• Now, consider a function $f$ which - on a given $y$ - searches for some $z$ such that $\varphi(x, y, z)$ holds together with a proof ("certificate") of this fact. Since such a $z$ always exists, and whether $\varphi(x, y, z)$ holds can be effectively tested since $\varphi$ has only bounded quantifiers, a proof that such a $z$ works also exists, and moreover the function $f$ can be taken to be recursive.

• But then this $f$ (basically) constitutes a recursive proof.

So it's at the $\Pi^0_3$ level that things first can become interesting - the idea being that we somehow need to "guess correctly" at the existential quantifier in the middle not once but infinitely many times, one for each possible value of the outermost "$\forall$;" so the "guess $x$ correctly" trick above doesn't work. Moreover, telling whether a given guess works is a $\Pi^0_1$ (noneffective, that is) question, so even if by luck we happen to have guessed the right witness, we can't obviously verify its correctness, and that's necessary for a recursive proof.

So this is the subtlety of the Shoenfield completeness theorme: the naive idea of just "bootstrapping" up the $\Pi^0_1$ idea (which does work if we replace the recursive $\omega$-rule with the full $\omega$-rule, and then every true sentence has a proof of finite height!) doesn't work, and something more complicated has to be done.

Now what do ordinals have to do with all this? Well, the linked question is about the difficulty of proving "Every true statement has a recursive proof," and specifically asks how much transfinite induction is needed to prove this (and the stronger statement that only height $\omega^2$ is needed). Well, in order to formalize transfinite induction principles in PA, we need some way to talk about ordinals (e.g. how do you write "$\epsilon_0$ is well-founded" in the language of arithmetic alone?), so this is what the "appropriate coding of ordinals" is about. And if you look at Franzen's paper, you'll see how this shows up in the statement and proof of the result.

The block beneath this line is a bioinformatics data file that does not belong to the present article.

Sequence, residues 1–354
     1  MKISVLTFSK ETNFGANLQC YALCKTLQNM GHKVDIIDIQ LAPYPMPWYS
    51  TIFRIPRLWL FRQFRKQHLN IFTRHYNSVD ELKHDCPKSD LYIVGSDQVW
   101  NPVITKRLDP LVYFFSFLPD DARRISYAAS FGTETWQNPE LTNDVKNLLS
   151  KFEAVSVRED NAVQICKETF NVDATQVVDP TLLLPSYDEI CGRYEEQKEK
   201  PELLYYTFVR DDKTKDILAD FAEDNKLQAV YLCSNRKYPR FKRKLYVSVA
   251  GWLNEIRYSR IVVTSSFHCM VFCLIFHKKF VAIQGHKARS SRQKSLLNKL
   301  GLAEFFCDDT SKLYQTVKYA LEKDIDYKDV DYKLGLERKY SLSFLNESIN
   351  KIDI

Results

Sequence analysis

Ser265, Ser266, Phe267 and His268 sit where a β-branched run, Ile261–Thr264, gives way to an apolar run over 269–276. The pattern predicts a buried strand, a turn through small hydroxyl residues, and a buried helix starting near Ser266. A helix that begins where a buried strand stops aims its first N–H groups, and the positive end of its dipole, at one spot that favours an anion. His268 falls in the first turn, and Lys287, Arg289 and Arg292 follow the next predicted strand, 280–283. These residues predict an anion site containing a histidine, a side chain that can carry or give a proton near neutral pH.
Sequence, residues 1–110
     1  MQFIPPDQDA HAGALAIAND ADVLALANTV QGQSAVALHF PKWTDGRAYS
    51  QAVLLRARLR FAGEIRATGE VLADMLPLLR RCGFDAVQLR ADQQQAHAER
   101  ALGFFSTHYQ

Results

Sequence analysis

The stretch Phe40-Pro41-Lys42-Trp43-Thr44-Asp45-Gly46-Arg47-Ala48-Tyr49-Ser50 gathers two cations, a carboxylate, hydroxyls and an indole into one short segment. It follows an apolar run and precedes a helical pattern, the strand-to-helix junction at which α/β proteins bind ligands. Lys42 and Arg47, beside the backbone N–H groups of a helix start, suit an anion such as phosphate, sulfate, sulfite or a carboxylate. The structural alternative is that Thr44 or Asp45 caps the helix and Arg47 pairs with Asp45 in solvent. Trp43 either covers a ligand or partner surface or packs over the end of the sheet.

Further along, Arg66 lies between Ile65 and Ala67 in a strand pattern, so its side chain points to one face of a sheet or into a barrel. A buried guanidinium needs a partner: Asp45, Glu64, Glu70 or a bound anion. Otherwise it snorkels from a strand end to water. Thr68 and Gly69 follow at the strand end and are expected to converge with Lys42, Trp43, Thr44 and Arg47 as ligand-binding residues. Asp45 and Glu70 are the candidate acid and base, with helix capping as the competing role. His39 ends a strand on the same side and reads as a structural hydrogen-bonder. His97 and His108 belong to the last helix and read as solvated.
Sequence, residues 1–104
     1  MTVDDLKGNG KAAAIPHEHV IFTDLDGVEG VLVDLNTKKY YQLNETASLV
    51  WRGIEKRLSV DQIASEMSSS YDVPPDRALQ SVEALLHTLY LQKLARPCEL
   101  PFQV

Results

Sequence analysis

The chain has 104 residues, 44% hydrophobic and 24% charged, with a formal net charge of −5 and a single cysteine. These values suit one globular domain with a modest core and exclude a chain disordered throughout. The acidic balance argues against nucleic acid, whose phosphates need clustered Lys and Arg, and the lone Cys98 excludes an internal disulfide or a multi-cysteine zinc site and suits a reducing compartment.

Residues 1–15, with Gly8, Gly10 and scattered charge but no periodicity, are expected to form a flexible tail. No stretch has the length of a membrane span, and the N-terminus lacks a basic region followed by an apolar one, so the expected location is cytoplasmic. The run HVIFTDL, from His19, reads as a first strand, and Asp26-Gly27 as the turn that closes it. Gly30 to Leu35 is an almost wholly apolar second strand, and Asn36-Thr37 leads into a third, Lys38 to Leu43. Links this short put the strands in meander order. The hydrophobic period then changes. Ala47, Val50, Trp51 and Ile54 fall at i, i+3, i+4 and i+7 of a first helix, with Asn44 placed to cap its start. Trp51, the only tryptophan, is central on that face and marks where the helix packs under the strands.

This, of course, leaves off an important question: why are transfinite induction principles the right metric to use to gauge how hard it is to prove something? This is a general theme in proof theory (and elsewhere), that transfinite induction principles help you prove statements about the existence (or non-existence) of well-founded labelled trees with certain properties; e.g. here it's about the existence of well-founded labelled trees which correspond to recursive proofs, while in ordinal analysis it's about the nonexistence of finite labelled trees corresponding to proofs of $0=1$ from specific families of axioms.

In particular, the analysis of the Euclidean algorithm case is provable in PA alone (and indeed much less), so no ordinal strength at all is needed to show that that statement has a recursive proof (and indeed, I believe the vast majority of statements in basic number theory will have recursive proofs provably in PA alone, although I'm not an expert here so don't quote me on that).

• +1 not everything is provable in Peano Arithmetic. the prime number theorem is not. Fermat's Little Theorem and Quadratic Reciprocity certainly are. So it sounds like I could be happy with structures in PA alone. – john mangual Mar 11 '17 at 19:02
• @johnmangual I didn't say that everything is provable in PA. It turns out that PA with the recursive $\omega$-rule, though, does prove every true statement in the language of arithmetic, regardless of whether those statements are true in PA; I've edited to clarify that in the $\Pi^0_1$ case specifically. Also, the prime number theorem absolutely is provable in PA, and indeed much less. PA suffices for the vast, vast majority of number theory; indeed FLT is generally believed to be PA-provable. – Noah Schweber Mar 11 '17 at 19:12
• well... it's a good ting I asked. – john mangual Mar 11 '17 at 19:16
• @johnmangual I've added a bit more about recursive proofs, I think it makes it clearer why the Shoenfield completeness theorem isn't obvious (and why the height of the proofs is $\omega^2$, not $\omega$) despite the ease of the $\Pi^0_1$ case. This obviously isn't directly relevant to your question, but I think it's useful for providing a full picture; if you disagree, let me know and I'll delete it. – Noah Schweber Mar 11 '17 at 20:20